The monthly compensation requirement under the Goods and Services Tax is estimated at ₹26,000 crore during FY 2020-21, against ₹13,775 crore during FY2019-20
“There is a huge gap between collection of cess and its payment to the States/UTs. It’s an enormous amount which needs to be compensated through the Compensation Fund under GST Act year-on-year basis at an increase of 14 per cent annually per annum for two more fiscal years,” an informed source said. So far, the Centre has paid compensation for three fiscal years to the States/UTs since the rollout of GST in July 2017.
The total compensation released by the Centre for 2019-20 is ₹1,65,302 crore, whereas the cess collected for the same period was ₹95,444 crore. Therefore, the government has paid, on an average, monthly compensation cess of about ₹13,775 crore to the States/UTs in the last fiscal year 2019-20, while it was able to collect only an average of ₹7,953.6 crore a month.
The Goods and Services Tax (Compensation to States) Act, 2017 provides for compensation to the States for the loss of revenue arising on account of implementation of GST. Compensation will be provided to a State for five years from the date on which the State brings its SGST Act into force. For calculating the compensation amount in any financial year, 2015-16 will be assumed to be the base year for working out the revenue to be protected. The growth rate of revenue for a State during the five-year period is assumed be 14 per cent per annum.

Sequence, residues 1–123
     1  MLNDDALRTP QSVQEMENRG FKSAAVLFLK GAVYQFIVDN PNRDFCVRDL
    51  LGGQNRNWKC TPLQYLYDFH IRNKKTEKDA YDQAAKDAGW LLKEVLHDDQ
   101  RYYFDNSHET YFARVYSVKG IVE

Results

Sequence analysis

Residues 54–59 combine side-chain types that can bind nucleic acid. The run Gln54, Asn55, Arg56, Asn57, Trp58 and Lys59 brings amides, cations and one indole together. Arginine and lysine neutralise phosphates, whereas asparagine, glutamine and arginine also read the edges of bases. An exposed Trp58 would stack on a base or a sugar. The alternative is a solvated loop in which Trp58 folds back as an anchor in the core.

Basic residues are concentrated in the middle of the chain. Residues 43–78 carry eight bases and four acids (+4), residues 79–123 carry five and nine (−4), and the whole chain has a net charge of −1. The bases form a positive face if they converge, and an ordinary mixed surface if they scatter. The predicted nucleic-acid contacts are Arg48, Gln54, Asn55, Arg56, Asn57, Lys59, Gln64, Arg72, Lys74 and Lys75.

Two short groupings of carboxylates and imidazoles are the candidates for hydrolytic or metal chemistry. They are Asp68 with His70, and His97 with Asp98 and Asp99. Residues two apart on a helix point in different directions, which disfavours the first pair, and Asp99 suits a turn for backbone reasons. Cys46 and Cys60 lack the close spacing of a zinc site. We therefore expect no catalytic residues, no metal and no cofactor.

According to sources, one needs to underline that“...arising on account of implementation of goods and service tax...” The Covid-19 and the slowdown impact causing loss of revenue is not on account of implementation of GST. It’s a force majeure situation, which has to be collectively resolved by the entre and the States, according to the true spirit of the GST Act under the federal framework of the Constitution. It is not just the Centre’s responsibility, sources said, while adding that the GST Council will have to put its collective decision-making mechanism at work to resolve this critical issue.
It may be noted that the Attorney General has also said that there is no obligation on the Centre under the GST laws to compensate for the loss of revenue on account of natural disaster, Covid, or economic slowdown, etc as they are not related to GST implementation. Hence, the GST council has to decide how to meet the shortfall under such circumstances and not the Centre.
It may be noted that when the GST debate was going on in Parliament, an amendment by the Congress member KC Venugopal to pay the compensation from the Consolidated Fund of India, was rejected by Parliament.
Even the then Finance Minister (now late) Arun Jaitley categorically stated that compensation to the States due to shortfall in GST implementation cannot be paid from the Consolidated Fund of India. However, if required, market borrowing could be an option to compensate, which can later be repaid through the collection of cess.